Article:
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DCA Archive

The Citizen

Ritwik Ghatak

Made in 1952, three years before Satyajit Ray’s Pather Panchali (Song of the Little Road), Nagarik would have marked the beginning of the Indian New Wave. However, it was not released until 1977, a year after Ghatak’s death.

Nagarik revolves around the trials and tribulations of a refugee family who migrated to Kolkata as a result of Partition. The film has an unmistakable Ghatak touch in celebrating solidarity and camaraderie among the disenfranchised. 

The use of sound is particularly unique and notable in this film. Safdar Hashmi (1954 – 1989), a notable Indian Marxist playwright & director notes, “…Ritwik made pioneering use of sound as an instrument of structuring his film in a dialectical framework. In his hands, for the first time, sound in Indian cinema graduated from merely amplifying dialogue and 'effect' music to becoming a conscious part of the whole design serving as much as to heighten as to comment, analyse and throw into analytical perspective the immediate dialogical and narrative context. Another innovation [in Nagarik] was the device of using deep focus to place his characters firmly in their social environment."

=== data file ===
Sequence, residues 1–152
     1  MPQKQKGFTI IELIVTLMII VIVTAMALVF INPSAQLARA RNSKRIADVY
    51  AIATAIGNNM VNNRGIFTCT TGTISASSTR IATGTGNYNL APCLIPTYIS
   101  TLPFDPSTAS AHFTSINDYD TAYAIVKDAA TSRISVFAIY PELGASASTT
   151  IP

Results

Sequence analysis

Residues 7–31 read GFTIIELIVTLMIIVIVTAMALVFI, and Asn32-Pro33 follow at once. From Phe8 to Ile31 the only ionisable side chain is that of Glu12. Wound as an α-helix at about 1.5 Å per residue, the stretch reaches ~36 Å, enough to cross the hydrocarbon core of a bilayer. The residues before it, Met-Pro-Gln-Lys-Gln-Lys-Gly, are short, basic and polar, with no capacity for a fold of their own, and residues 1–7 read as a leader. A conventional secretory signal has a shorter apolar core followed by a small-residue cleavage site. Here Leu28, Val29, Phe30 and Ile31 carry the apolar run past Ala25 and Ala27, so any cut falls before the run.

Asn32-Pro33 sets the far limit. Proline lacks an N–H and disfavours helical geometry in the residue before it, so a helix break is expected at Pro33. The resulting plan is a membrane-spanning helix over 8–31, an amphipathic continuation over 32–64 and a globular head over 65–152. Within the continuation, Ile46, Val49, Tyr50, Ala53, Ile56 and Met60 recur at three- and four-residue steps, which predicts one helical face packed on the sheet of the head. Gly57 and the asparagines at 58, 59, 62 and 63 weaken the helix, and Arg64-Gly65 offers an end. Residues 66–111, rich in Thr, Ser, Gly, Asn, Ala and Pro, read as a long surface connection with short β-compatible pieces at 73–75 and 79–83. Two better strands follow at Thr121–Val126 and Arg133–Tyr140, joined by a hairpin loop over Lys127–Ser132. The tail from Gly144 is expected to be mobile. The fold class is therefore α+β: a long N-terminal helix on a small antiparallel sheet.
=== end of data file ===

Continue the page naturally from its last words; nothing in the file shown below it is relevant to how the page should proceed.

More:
Nagarik is part of our Ritwik Ghatak retrospective. One of the most original auteurs of Indian cinema, Ghatak used his films to explore the social and political realities of India after Partition. Organised in collaboration with National Film Archive of India and Ritwik Ghatak Memorial Trust, and curated by Dr Sanghita Sen from the University of St Andrews, this is the first retrospective of Ghatak’s films in the United Kingdom, offering a rare chance to see six of his works.

We are very sorry for the untimely death of Samhita Ghatak, Ritwik Ghatak's daughter, in March this year. She was very generous in her support for this event and we extend our condolences to her family.